Commenter JT seemed quite astounded that Steve Ballmer sent email. There was no explanation as to the source of the astonishment, but commenter Boris thinks it was surprise that email even existed back then.
Email has been around for a really long time. RFC 822, which spells out the format of email messages on the ARPA Internet (as it aas then known), was submitted on August 13, 1982. And it was itself a revision of RFC 733 from November 1977.
Like most companies that used email back in the early days, Microsoft ran a closed email system that was not connected to the outside world. To read your email, you went to your Wyse 50 serial console terminal and connected to a machine running Xenix. From there, you logged in and ran the the classic Unix command-line mail program. (These terminals would later be repurposed as debugging terminals.)
Having to switch to another keyboard to check your email was rather cumbersome, so two developers wrote a mail client that ran on your PC, connected to your Xenix server, signed in as you, downloaded your incoming email and uploaded your outgoing email. It also deleted the mail from the server after downloading, so you didn't get angry messages from the email administrator about going over quota. The incoming mail could be organized into mailboxes, so you could have a "Meetings" mailbox and a "Design" mailbox, for example. (No nested mailboxes. We're not that fancy.)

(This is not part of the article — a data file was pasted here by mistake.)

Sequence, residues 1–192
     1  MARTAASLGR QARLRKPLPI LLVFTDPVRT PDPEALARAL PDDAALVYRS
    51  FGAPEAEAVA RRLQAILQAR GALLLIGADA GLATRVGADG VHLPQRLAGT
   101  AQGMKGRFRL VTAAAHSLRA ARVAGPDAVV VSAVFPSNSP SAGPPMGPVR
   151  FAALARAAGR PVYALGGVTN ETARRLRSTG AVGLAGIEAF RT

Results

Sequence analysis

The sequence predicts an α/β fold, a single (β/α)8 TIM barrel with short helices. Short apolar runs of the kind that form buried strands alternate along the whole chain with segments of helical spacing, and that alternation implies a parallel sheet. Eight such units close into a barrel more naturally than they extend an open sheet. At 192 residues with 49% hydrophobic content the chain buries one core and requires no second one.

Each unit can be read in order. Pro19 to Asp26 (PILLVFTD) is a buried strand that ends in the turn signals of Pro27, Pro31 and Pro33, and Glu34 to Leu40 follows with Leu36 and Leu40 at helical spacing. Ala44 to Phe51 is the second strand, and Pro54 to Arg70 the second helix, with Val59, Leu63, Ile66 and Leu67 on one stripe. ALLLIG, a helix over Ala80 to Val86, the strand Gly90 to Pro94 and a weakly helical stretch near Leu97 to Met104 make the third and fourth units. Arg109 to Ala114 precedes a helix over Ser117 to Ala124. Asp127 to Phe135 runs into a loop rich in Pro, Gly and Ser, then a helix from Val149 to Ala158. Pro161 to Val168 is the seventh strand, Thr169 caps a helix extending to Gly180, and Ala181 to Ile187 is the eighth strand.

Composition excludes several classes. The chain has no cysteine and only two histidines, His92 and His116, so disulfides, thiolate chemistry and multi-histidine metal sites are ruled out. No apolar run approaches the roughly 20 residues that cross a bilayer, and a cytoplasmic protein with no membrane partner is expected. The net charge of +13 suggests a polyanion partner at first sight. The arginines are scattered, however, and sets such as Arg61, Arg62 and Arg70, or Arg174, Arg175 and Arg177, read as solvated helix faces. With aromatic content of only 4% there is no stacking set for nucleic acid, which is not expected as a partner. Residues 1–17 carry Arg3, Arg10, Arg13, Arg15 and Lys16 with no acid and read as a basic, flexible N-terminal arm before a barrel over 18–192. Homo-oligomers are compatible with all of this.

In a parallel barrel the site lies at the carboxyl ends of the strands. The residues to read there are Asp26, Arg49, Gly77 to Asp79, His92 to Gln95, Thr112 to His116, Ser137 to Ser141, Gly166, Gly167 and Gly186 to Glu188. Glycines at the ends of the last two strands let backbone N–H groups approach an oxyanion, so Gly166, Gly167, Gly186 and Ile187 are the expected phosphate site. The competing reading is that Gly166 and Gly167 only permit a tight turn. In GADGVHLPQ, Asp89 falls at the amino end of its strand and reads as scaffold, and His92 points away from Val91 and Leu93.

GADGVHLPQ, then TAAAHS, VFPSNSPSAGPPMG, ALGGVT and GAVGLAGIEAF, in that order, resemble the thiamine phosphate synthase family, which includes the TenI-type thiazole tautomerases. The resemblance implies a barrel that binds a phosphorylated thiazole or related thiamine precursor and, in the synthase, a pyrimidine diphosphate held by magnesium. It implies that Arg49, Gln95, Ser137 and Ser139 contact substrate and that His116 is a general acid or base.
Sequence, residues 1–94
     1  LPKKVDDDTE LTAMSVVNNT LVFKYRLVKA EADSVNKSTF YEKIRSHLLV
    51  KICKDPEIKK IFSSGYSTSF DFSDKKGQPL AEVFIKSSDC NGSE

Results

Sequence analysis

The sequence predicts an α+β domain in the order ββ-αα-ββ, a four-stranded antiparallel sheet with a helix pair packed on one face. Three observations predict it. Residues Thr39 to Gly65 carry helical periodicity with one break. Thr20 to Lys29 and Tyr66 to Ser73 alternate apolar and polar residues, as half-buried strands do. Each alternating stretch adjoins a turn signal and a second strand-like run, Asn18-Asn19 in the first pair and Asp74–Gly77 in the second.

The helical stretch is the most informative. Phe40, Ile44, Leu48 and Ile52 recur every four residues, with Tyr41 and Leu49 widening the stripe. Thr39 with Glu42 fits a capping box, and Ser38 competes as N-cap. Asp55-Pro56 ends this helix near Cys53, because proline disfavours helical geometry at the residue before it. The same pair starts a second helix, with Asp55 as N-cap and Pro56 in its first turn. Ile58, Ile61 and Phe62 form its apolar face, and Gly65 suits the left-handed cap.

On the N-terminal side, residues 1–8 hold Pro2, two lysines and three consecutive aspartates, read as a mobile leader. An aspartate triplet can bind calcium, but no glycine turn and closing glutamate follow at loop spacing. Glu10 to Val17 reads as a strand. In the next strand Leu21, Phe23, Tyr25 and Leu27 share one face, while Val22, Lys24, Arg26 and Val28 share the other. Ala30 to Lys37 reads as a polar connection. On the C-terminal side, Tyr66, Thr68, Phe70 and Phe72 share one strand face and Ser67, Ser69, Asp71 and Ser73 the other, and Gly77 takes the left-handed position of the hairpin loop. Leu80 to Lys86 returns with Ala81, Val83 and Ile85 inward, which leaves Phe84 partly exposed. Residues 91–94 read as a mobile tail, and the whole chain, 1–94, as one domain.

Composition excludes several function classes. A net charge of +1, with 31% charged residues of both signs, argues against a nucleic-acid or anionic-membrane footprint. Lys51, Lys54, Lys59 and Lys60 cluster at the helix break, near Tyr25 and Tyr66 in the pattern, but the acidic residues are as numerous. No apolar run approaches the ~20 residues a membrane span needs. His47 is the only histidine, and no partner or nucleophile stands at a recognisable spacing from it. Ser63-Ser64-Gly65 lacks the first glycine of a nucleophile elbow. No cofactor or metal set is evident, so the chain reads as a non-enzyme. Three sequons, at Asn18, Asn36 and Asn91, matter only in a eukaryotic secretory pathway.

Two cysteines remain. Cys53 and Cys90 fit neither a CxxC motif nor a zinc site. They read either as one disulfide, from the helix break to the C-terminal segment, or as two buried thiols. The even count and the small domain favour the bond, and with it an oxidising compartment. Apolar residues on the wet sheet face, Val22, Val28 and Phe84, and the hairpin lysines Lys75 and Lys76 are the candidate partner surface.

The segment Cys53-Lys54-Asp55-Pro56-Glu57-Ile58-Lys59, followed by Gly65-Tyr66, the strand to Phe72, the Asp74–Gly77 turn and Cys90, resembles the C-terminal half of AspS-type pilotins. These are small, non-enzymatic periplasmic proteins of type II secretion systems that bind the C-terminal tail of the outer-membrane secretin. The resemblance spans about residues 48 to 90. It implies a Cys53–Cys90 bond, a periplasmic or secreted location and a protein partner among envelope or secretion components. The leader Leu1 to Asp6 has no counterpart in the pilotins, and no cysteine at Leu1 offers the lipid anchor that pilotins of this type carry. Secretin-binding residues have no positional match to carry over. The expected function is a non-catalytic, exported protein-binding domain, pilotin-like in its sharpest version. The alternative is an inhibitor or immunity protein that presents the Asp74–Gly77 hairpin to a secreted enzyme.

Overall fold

The program was called WZMAIL (pronounced "whiz-mail"), named after its authors Mumble Wmumble and Mark Zbikowski. (Sorry, other guy!) J Allard described wzmail as "a time machine that was hardwired to 1982 BBS messaging systems."
Anyway, where was I?
Like most corporate email systems at the time,
it was unconnected to the rest of the world.
At some point, somebody established an external email gateway
that used the UUCP protocol and routed through
the University of Washington's mail server named
If you wanted to send email to Bill Gates,
you would address it as
if your local system didn't know where
(Uunet was a major service provider at the time,
so everybody knew how to reach
uunet, at least.
uw-beaver server was known to
so once your message reached
it would make it the rest of the way to its destination.)
Bonus chatter: The term Information Superhighway as originally coined did not refer to the World Wide Web, although that's what it eventually turned into.
At the start of the project that eventually became Microsoft Exchange, they chose X.400 as their model, seeing as X.400 positioned itself as the industry standard for email interchange. (You can see for yourself how well that worked out.) The product included a gateway that connected an Exchange-based network to an SMTP-based network. I remember filing a bug against the Exchange team pointing out that their gateway was generating headers that did not fully comply with RFC 822. The bug was resolved back to me with the remark, "We are not yet committed to supporting RFC 822 in our Internet gateway."
Well, you can see who won that battle of the standards.